‘Tis the time of year for traditions, and our little family of four has several. Some new, some passed down from our childhoods. Hubby brought one back this year and I hope it continues for a long time. His father wrote a letter to each of his children every year and hid it in the tree. The letter highlighted accomplishments from the year and were a way of not only chronicling major life events but to keep him connected to his kids as they got older. As new members entered the family (spouses and grandchildren), each one would receive their own letter, and he kept the tradition going until he died. I teared up this morning watching my boys read their letters and thinking about my late father-in-law.
Another tradition we adapted from hubby’s childhood is the yearly ornament. He received one every year in early December, and when he moved out his mom gave him the ornaments for his own tree. Some of them didn’t survive the decades of storage (and for a long time lived in a sad box of broken memories), but many are on our tree today. The boys now get their own ornament each year, often symbolizing a milestone or obsession from the year. I love opening the box and reflecting on years past.
We were together a while before we had children, and the tradition originally involved a simple exchange. One of my favorite ornaments on the tree is from our early years of exchanging, and one that the children never really understand when we pull it out.
Hubby and I started dating in 1998 (well, technically 1993, but that’s a whole other story). He joined the Navy in 1999. We were married in 2000, and in 2003 he left in January for what was supposed to be a three week deployment. He didn’t come home until late September.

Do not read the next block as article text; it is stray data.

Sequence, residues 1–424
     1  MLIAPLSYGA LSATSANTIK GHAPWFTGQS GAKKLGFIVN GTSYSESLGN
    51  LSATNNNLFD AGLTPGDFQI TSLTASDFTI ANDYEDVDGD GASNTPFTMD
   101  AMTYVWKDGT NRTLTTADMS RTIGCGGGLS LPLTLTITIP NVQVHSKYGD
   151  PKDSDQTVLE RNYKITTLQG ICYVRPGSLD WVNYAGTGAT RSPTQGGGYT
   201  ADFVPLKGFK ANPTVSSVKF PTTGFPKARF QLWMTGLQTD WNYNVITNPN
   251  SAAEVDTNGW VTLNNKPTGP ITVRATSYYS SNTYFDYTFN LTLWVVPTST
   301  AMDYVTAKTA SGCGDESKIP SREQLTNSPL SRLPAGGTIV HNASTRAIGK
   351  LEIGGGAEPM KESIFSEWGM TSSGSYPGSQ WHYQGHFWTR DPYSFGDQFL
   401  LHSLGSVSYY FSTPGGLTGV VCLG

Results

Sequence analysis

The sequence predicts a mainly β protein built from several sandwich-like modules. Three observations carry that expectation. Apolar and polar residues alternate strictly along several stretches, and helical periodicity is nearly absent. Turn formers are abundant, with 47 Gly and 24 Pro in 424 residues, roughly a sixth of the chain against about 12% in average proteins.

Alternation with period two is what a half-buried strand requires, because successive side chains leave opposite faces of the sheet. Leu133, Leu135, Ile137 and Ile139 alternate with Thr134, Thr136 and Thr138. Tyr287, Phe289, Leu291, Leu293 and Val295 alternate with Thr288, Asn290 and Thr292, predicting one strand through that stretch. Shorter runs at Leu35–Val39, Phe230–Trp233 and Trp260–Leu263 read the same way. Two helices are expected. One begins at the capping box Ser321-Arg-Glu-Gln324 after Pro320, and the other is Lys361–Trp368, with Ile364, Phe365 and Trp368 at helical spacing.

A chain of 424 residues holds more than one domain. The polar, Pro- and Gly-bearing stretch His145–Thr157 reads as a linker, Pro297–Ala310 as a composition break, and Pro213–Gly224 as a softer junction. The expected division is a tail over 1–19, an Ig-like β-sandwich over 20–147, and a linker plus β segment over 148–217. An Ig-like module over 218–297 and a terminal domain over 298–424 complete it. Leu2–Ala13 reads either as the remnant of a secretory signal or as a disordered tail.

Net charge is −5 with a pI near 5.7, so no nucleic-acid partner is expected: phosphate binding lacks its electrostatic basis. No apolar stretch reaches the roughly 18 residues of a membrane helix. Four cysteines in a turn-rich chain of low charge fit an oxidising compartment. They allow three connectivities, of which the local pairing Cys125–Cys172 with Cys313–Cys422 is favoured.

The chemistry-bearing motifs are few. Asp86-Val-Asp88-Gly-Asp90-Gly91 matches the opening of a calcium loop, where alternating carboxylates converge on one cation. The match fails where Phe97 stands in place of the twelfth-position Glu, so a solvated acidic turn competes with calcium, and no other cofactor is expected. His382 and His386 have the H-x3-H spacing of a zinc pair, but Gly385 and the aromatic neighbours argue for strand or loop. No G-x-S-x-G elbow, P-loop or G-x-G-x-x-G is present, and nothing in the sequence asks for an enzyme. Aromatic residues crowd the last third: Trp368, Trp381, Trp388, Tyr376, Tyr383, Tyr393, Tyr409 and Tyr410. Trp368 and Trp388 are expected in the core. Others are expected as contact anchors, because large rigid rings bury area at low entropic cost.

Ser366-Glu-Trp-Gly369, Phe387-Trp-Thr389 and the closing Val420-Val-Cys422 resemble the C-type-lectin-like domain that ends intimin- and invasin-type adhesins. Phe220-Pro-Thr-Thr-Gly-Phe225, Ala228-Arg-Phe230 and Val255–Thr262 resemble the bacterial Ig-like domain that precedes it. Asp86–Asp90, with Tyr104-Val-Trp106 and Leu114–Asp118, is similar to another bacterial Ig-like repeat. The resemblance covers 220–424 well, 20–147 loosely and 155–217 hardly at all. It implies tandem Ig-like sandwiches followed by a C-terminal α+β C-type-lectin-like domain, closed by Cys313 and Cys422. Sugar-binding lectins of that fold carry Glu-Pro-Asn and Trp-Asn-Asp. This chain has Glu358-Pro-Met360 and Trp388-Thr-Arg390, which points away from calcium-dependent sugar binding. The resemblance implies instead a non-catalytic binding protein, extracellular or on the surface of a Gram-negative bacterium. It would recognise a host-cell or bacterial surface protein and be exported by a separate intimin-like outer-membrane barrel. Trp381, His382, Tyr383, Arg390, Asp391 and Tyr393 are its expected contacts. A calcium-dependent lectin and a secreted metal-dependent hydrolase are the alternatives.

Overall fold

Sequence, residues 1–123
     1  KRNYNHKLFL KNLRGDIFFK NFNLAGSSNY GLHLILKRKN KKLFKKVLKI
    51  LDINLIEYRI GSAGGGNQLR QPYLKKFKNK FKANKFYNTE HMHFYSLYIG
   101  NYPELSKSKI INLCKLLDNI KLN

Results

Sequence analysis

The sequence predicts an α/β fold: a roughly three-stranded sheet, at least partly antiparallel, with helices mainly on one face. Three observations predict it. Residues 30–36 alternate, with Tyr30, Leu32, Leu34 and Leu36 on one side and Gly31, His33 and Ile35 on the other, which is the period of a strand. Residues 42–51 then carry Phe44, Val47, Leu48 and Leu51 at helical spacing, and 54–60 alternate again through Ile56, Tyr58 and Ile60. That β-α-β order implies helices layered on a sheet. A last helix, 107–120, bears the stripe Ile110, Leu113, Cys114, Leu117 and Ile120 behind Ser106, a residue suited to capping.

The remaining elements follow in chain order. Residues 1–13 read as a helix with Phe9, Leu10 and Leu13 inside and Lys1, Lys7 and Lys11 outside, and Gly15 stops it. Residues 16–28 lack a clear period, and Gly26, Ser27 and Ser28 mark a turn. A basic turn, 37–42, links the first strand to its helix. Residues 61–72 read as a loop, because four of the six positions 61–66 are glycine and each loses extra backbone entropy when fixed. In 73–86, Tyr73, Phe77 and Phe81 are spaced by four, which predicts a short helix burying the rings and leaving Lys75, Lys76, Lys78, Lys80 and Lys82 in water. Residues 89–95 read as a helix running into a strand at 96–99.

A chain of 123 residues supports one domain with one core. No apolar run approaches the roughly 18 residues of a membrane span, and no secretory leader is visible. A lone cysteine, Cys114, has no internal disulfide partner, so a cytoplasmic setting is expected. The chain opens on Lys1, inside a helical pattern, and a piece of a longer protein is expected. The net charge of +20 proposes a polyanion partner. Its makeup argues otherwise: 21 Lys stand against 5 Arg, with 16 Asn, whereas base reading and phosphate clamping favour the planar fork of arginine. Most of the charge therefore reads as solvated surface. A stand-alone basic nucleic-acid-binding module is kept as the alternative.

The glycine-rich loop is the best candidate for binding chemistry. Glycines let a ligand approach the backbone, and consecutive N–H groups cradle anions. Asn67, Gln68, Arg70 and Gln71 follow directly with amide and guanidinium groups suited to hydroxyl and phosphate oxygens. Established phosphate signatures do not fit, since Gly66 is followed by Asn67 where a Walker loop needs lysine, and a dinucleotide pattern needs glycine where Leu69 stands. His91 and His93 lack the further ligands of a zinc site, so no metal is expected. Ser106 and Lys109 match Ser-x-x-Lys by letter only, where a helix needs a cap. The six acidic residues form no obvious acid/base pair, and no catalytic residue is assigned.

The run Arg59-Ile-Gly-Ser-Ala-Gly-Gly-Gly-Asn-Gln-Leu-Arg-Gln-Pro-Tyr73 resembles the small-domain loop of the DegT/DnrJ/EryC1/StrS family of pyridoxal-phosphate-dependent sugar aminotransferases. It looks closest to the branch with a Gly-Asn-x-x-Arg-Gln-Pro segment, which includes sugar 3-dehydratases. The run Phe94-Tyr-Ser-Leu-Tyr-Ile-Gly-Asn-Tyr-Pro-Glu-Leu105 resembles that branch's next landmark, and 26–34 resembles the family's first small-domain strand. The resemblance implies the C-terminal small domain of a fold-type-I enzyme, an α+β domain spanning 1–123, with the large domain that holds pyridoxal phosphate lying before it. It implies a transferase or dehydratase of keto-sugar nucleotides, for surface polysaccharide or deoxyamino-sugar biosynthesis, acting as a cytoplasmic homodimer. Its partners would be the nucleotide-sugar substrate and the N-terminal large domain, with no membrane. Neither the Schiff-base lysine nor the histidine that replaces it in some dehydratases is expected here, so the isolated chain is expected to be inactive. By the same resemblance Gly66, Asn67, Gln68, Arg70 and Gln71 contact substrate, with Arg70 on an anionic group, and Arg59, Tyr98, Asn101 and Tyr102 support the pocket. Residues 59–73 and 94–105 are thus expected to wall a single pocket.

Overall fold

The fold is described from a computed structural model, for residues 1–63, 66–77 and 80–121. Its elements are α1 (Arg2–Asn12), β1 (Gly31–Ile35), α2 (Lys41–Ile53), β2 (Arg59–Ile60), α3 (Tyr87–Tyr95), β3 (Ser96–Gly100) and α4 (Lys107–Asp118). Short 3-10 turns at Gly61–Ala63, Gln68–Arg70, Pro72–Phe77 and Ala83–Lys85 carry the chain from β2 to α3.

2003 was a rough year, and that Christmas he made an ornament to represent the missing puzzle piece of our relationship. Whenever I see it, I can’t help but get emotional. That separation was difficult, but it strengthened us in the long run. And every Christmas when I see this ornament, I think about all the other military families who endure separation, especially those who are experiencing it during the holidays. It isn’t easy to be away from your family, and it isn’t easy to be the ones left behind. Every day, but today especially, I am thankful to have hubby home with us, and thankful for those who continue to make sacrifices for our freedom.
Whatever you celebrate, enjoy the time together with people you love. But don’t forget about those who may be lonely and struggling with separation. I could not have survived those nine months without the support of friends and neighbors.
And cheers to traditions, new and old!
One thought on “Traditions”
2003 showed me how incredibly brave you were. I’ve never doubted since that you could overcome anything.
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